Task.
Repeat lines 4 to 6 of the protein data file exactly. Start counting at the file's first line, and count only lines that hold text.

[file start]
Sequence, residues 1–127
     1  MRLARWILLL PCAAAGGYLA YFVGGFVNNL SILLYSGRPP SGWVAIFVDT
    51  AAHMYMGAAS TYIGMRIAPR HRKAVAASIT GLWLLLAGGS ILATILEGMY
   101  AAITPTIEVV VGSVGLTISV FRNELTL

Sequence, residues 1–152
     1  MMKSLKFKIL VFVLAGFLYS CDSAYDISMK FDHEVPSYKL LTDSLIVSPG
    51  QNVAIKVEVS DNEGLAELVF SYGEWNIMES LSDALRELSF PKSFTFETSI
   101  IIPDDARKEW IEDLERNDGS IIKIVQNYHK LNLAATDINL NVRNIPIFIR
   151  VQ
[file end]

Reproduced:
   101  AAITPTIEVV VGSVGLTISV FRNELTL

Sequence, residues 1–152
     1  MMKSLKFKIL VFVLAGFLYS CDSAYDISMK FDHEVPSYKL LTDSLIVSPG